me to show him a thing or two. By the time I left he was casting
much more smoothly and wasn't backcasting (all he needed was a good
roll cast). Best case scenario maybe he even got a steelie...worst
case scenario he no longer looked like a total idiot trying to get
a bit 'o chrome.
By the time I left Lincoln Park at 12:15, the water
temps were up to 40F. I was heading to Oak Creek; stopped along
the way for a quick bite while I was on the road. I arrived around
1:00 to find NO ONE really out there other than a guy or two fishing
immediately below the dam. I had the creek to myself. Water temps
were a relatively balmy 42F! Well, after a short look around I started
walking downstream and came upon 2 fish redding up. I scouted below
but found no additional males (the water was low and pretty clear
so as long as you had Polarized glasses, spotting fish was EASY).
Now I am the kind of guy who says, "Once I've
sighted a fish, I WILL land it". I set to task tossing to the
pair, using the technique I had learned and perfected on sighted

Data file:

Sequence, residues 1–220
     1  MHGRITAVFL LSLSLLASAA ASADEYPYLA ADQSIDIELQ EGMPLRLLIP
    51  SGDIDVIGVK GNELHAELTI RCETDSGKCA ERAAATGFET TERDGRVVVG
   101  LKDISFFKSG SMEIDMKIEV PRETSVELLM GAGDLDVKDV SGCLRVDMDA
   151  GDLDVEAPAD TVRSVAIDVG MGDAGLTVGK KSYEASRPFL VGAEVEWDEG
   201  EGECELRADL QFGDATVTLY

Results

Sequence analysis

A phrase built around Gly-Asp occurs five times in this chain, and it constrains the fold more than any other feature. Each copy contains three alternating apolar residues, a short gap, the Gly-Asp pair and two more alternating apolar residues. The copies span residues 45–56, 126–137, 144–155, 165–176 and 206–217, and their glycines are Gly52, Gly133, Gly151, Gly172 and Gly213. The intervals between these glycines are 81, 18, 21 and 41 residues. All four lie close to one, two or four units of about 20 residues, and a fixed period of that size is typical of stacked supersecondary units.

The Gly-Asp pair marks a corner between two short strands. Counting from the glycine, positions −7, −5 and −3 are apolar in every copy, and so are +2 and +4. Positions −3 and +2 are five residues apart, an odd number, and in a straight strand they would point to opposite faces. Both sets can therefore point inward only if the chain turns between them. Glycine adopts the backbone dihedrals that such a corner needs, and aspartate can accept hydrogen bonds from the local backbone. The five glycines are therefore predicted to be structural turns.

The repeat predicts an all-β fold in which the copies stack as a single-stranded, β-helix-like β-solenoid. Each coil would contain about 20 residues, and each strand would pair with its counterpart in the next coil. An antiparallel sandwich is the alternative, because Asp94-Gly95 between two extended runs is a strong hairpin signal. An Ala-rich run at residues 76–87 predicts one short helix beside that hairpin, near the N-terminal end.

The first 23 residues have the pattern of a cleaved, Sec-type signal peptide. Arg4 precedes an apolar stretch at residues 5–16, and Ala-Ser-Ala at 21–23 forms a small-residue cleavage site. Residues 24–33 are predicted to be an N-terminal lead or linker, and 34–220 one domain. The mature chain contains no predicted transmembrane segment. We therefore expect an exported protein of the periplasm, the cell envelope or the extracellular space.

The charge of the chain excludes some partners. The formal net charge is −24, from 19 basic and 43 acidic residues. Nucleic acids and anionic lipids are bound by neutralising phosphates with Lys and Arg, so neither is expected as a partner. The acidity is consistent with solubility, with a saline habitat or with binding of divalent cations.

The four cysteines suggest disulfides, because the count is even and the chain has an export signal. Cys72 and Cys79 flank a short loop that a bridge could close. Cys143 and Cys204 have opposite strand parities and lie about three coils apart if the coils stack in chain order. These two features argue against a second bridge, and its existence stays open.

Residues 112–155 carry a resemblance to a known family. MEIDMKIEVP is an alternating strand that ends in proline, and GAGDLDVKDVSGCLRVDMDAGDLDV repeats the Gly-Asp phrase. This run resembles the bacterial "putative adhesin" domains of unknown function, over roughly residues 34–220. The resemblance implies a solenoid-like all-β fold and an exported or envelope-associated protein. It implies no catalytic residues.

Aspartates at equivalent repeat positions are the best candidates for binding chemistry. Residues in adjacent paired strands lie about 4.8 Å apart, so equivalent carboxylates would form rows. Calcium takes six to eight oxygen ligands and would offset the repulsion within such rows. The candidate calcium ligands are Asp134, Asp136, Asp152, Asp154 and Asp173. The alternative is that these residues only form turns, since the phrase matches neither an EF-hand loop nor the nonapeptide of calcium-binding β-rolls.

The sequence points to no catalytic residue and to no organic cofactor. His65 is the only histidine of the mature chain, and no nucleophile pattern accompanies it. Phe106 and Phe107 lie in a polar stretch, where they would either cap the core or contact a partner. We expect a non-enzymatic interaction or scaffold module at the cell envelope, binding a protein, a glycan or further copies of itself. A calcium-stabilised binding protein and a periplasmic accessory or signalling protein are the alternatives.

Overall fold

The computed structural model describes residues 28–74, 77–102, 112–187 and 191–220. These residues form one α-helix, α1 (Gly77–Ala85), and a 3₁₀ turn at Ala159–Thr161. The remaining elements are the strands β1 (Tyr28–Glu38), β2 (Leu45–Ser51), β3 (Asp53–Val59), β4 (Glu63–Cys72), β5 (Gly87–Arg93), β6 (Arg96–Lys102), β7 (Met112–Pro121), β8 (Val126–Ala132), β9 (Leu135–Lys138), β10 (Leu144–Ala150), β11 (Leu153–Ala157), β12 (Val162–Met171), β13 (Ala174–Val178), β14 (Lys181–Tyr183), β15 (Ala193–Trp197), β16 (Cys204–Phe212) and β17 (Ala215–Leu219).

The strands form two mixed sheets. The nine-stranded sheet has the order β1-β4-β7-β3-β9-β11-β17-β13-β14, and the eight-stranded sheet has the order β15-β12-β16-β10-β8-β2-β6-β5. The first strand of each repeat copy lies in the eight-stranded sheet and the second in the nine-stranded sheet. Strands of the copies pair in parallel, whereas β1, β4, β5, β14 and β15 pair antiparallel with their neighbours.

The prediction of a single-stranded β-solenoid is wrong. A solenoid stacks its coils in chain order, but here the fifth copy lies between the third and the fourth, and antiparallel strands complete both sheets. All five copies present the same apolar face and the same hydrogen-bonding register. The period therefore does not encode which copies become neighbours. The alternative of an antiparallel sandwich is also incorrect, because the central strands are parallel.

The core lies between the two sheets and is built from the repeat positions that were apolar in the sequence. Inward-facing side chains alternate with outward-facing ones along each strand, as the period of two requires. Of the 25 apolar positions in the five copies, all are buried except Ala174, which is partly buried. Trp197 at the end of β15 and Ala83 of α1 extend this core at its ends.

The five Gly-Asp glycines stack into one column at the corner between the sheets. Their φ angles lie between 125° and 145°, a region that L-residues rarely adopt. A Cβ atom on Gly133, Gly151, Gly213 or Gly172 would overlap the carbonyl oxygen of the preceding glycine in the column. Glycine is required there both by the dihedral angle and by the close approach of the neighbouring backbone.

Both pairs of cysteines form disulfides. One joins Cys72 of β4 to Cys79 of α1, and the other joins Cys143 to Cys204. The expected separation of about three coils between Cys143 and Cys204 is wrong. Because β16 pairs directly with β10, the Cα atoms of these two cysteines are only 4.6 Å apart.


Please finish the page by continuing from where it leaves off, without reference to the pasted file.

Coho last fall. I had on 8 lb Pline flourocarbon...and here's a
list as best as I can recall, from what I tried:
MP's Black Laced Spey (Orange), Black & Red
Wolley Bugger, Gumbo's Kletzsch Clutch, Estaz Eggs in Green, Pink
and Orange, a white marabou (spider) spey, MP's Antron Bug (Herring),
MP's Jewel, Krystal Egg Sucking Leach (chartruese)
Well, that went on for a good 45 minutes. Toss
5 or 6 times, get no interest, switch up. Eventually a kid came
down and said there was another group of fish just a bit upstream.
I figured maybe they'd bite. So I was thinking it was another redding
pair, but it turned out to be 2 or 3 males in a really small pool